Advanced

Selective depletion of splenic CD4 dendritic cells in mice treated with immunomodulatory quinoline-3-carboxamide ABR-215757.

Stenström, Martin LU ; Anderson, Per LU ; Eroukhmanoff, Lena LU ; Leanderson, Tomas LU and Ivars, Fredrik LU (2010) In International Immunopharmacology May 4. p.837-842
Abstract
The quinoline-3-carboxamide ABR-215757 (5757) is in clinical development for the treatment of human SLE and has shown efficacy in several mouse models of T cell-mediated inflammatory autoimmune disease. The goal of this study was to determine the impact of 5757 on steady state immune cells. We show that the number of splenic CD4 dendritic cells (DCs) was reduced in 5757-treated mice, while there was no effect on other splenic DC populations, on DCs in lymph nodes or on lymphocytes. This reduction was fully reversible and the kinetics of CD4 DC loss during exposure and recovery after withdrawal of treatment were identical. The loss of CD4 DCs was neither caused by reduced proliferation nor by increased apoptosis. CD4 DCs reside in the... (More)
The quinoline-3-carboxamide ABR-215757 (5757) is in clinical development for the treatment of human SLE and has shown efficacy in several mouse models of T cell-mediated inflammatory autoimmune disease. The goal of this study was to determine the impact of 5757 on steady state immune cells. We show that the number of splenic CD4 dendritic cells (DCs) was reduced in 5757-treated mice, while there was no effect on other splenic DC populations, on DCs in lymph nodes or on lymphocytes. This reduction was fully reversible and the kinetics of CD4 DC loss during exposure and recovery after withdrawal of treatment were identical. The loss of CD4 DCs was neither caused by reduced proliferation nor by increased apoptosis. CD4 DCs reside in the splenic marginal zone, but the loss of these cells did not influence other cell populations at this site. The similar kinetics of the decay and repopulation of the splenic CD4 DC compartment suggests that the reduced number of CD4 DC in 5757 treated mice may be a result of blockade of CD4 DC precursor development in the spleen and not of toxicity. Alternatively, induced emigration of CD4 DC to the periphery, or an interference with adherence of these cells in the spleen marginal zone, may also explain our data. (Less)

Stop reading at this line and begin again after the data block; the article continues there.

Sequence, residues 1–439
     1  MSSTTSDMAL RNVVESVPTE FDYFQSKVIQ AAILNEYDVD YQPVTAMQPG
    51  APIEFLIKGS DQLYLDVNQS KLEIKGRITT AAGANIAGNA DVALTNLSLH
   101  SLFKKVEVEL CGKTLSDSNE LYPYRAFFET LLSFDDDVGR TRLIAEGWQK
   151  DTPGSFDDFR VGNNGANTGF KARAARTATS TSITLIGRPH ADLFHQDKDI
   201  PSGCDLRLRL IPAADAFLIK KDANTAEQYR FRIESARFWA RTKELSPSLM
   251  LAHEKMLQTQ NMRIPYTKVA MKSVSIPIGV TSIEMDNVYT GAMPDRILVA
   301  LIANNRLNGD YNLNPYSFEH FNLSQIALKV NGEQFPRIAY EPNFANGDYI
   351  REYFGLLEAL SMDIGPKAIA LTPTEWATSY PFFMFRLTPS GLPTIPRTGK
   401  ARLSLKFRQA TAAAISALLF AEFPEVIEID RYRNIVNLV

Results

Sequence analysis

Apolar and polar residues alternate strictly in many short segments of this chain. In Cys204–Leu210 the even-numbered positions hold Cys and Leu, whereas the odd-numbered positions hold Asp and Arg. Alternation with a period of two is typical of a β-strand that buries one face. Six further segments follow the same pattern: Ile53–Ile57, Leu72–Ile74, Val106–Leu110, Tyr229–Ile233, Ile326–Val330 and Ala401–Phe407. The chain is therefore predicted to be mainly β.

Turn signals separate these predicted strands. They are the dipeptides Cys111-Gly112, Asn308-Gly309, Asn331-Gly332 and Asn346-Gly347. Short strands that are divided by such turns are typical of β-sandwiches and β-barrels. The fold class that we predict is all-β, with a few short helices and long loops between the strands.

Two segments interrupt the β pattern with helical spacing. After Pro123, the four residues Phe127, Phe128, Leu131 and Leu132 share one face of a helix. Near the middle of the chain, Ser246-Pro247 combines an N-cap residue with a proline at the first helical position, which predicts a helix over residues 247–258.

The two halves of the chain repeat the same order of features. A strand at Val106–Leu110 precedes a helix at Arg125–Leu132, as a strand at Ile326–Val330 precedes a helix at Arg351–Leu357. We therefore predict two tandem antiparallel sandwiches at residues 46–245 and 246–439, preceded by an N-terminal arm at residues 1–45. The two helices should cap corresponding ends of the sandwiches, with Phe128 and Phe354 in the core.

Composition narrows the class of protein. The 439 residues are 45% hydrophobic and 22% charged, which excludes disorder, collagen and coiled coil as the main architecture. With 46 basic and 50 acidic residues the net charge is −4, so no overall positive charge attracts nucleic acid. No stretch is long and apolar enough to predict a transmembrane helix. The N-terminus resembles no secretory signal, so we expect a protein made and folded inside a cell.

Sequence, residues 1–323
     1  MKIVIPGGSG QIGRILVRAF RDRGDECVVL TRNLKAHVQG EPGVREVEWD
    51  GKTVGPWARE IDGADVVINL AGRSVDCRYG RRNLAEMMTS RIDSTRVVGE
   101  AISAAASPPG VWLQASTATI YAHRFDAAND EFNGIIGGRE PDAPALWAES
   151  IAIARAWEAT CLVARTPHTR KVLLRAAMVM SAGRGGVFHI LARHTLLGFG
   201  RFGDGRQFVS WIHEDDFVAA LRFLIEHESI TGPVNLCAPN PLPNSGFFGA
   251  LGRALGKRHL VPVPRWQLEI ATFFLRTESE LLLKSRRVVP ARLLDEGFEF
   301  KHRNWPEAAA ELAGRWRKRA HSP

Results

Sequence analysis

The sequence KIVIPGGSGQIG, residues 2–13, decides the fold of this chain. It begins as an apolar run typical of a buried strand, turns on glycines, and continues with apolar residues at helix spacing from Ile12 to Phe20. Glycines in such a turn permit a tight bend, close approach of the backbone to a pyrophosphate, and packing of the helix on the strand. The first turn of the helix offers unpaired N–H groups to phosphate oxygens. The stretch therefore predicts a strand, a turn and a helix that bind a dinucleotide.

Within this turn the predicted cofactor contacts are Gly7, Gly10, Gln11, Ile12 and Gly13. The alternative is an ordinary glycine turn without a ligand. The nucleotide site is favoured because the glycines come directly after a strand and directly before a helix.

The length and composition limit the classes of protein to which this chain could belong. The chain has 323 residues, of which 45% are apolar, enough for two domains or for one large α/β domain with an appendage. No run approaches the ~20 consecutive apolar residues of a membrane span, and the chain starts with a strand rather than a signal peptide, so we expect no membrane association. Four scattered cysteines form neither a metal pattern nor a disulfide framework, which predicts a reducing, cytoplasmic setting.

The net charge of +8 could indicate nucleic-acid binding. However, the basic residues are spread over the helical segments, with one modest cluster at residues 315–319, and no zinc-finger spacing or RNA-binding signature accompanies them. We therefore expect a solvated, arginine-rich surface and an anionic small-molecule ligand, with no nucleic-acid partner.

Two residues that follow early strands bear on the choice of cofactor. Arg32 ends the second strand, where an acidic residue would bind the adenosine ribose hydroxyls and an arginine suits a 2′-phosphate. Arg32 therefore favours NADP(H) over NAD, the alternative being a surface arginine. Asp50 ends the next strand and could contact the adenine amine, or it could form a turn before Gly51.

Please use this url to cite or link to this publication:
author
organization
publishing date
type
Contribution to journal
publication status
published
subject
in
International Immunopharmacology
volume
May 4
pages
837 - 842
publisher
Elsevier
external identifiers
  • wos:000280888400002
  • pmid:20423734
  • scopus:77954958927
ISSN
1878-1705
DOI
10.1016/j.intimp.2010.04.011
language
English
LU publication?
yes
id
a015bf67-5012-4cd9-bea9-43acb15bbda7 (old id 1594744)
alternative location
http://www.ncbi.nlm.nih.gov/pubmed/20423734?dopt=Abstract
date added to LUP
2010-05-04 22:43:55
date last changed
2018-05-29 11:59:33
@article{a015bf67-5012-4cd9-bea9-43acb15bbda7,
  abstract     = {The quinoline-3-carboxamide ABR-215757 (5757) is in clinical development for the treatment of human SLE and has shown efficacy in several mouse models of T cell-mediated inflammatory autoimmune disease. The goal of this study was to determine the impact of 5757 on steady state immune cells. We show that the number of splenic CD4 dendritic cells (DCs) was reduced in 5757-treated mice, while there was no effect on other splenic DC populations, on DCs in lymph nodes or on lymphocytes. This reduction was fully reversible and the kinetics of CD4 DC loss during exposure and recovery after withdrawal of treatment were identical. The loss of CD4 DCs was neither caused by reduced proliferation nor by increased apoptosis. CD4 DCs reside in the splenic marginal zone, but the loss of these cells did not influence other cell populations at this site. The similar kinetics of the decay and repopulation of the splenic CD4 DC compartment suggests that the reduced number of CD4 DC in 5757 treated mice may be a result of blockade of CD4 DC precursor development in the spleen and not of toxicity. Alternatively, induced emigration of CD4 DC to the periphery, or an interference with adherence of these cells in the spleen marginal zone, may also explain our data.},
  author       = {Stenström, Martin and Anderson, Per and Eroukhmanoff, Lena and Leanderson, Tomas and Ivars, Fredrik},
  issn         = {1878-1705},
  language     = {eng},
  pages        = {837--842},
  publisher    = {Elsevier},
  series       = {International Immunopharmacology},
  title        = {Selective depletion of splenic CD4 dendritic cells in mice treated with immunomodulatory quinoline-3-carboxamide ABR-215757.},
  url          = {http://dx.doi.org/10.1016/j.intimp.2010.04.011},
  volume       = {May 4},
  year         = {2010},
}